The last article titled: "A good software architecture enables agility" is in my view one of the major realizations that a lot of people in the industry need to develop: architecture is not a blocker for agility, i.e.: do not panic if you need to spend some hours or days investing on understanding and creating a clear alignment and strategy on how to proceed on building your product. That is in fact a crucial exercise to enable your agility and move forward at high-velocity (clear direction and high speed).

4: Personal Productivity

Pillars, Pipelines and Volts (PPV), August Bradley

[Video series]

light My Insights: I am continuously sharpening my way of working and how to have a system that enables me to focus on executing on the important and relevant things. Over time I noticed that the trick is not about "planning things", but about "making sure I continuously check what are the important things to work on". I do this by reviewing my north star yearly, my Goals (and OKRs) quarterly, and then monthly and weekly make sure I am working on projects that help me to achieve those. This framing facilitates the "emergence" of clear and relevant things to work on my day to day without the "stress" of having to make the plan and deliver the plan (that is continuously changing). This is greatly supported by the PPV: systems that capture your ambitions and goals, and have routines to make sure I am progressing towards them, and based on that I have my "execution plan" emerging automatically.

Analysis & Summary

August Bradley has developed a very interesting and powerful personal productivity methodology called "Pillars, Pipelines and Volts" or PPV in short. This methodology is carefully crafted and is grounded in the idea of creating systems that support us on "aligning on what is important" to grow into the areas we want to grow. With that clarity on "where we want to go" we can more easily focus on execution.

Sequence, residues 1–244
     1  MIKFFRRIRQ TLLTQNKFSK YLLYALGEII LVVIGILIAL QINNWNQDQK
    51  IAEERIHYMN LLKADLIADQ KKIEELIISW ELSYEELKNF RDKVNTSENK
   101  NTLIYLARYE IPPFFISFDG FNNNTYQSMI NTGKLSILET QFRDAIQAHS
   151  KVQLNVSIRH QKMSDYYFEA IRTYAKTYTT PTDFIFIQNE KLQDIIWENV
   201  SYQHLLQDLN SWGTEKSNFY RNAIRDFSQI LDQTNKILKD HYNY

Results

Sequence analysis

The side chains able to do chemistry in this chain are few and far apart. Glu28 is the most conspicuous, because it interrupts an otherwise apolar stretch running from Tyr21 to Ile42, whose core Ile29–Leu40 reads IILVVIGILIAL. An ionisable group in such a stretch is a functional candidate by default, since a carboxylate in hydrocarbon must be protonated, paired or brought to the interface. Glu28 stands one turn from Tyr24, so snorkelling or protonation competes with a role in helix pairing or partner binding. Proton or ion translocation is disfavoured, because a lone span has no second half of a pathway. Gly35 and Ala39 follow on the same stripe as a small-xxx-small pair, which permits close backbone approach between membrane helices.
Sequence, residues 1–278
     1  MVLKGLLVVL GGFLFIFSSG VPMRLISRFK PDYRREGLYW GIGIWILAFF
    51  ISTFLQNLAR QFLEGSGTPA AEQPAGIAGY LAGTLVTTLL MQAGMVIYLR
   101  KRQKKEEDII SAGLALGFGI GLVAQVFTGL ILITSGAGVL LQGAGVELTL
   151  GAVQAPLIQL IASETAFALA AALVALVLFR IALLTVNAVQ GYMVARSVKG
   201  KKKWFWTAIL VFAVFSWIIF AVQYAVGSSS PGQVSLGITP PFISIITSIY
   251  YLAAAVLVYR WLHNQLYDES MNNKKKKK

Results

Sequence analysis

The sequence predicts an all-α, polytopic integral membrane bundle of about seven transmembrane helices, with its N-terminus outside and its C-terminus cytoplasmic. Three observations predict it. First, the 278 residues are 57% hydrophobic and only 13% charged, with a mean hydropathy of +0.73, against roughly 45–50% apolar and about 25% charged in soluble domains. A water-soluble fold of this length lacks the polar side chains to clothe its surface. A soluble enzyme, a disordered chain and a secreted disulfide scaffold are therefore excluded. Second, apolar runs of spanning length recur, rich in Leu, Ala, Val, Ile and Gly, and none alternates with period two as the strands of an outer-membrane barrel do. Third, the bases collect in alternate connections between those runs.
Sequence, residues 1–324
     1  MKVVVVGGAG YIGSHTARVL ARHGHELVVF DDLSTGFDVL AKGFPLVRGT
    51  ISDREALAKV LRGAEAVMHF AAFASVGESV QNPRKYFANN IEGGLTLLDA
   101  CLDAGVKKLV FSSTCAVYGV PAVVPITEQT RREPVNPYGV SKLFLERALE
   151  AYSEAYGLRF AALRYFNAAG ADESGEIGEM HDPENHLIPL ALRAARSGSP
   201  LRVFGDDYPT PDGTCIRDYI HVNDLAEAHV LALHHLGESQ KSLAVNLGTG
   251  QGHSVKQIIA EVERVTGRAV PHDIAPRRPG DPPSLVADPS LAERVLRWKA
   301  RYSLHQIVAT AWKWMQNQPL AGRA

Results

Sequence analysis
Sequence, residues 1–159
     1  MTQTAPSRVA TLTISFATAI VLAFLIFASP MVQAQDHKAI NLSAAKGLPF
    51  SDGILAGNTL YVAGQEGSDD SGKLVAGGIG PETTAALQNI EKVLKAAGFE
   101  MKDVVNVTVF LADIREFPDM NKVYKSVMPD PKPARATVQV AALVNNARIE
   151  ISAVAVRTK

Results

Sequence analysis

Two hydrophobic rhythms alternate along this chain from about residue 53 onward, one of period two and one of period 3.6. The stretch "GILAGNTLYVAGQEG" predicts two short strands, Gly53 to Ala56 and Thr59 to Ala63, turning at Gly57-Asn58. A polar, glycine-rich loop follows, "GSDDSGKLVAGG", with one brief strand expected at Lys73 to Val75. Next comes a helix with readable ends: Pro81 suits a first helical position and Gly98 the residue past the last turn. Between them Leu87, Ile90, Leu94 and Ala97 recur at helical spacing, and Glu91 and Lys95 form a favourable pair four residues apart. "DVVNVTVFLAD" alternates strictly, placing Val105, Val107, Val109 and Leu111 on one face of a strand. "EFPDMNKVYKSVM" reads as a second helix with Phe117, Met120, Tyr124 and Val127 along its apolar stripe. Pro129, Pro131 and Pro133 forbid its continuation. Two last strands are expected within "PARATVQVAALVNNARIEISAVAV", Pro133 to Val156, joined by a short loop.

This is a short overview of PPV:

I have tried many different methodologies and in time developed my own, and to be fair I think PPV formalizes many of the elements I came to develop in time, plus it adds quite a sound structure to it with a clear philosophy: "Focus & Alignment" (i.e.: create clarity where to go, review it often to make sure you are in the right path, as this will enable you to focus on execution on your "day to day").

August presents PPV through an excellent and thorough video series (and is preparing supplementary material and training) so people can more easily implement this approach. Implementing this will take some effort but the outcome really pays off (if you want to shape and customize your personal productivity system to your needs). To implement PPV August uses a very flexible tool called Notion, which is an app that merges several features: note taking, wiki but also enables to create flexible databases, which can be visualized in different manners. This flexibility is key to implementing PPV and variations of it (which is what most people will most likely do - to adapt and support their specific preferences and way of working). Most productivity tools tend to prescribe a way of working that does not capture all the dimensions of PPV (or customized elements we want to have), namely enabling the creation of a system of systems that operate and connect with each other to address the different needs we have to organize our lives. August states that PPV is a way to implement a "Life Operating System (OS)" and after adapting most of it on my own setup I fully agree with him.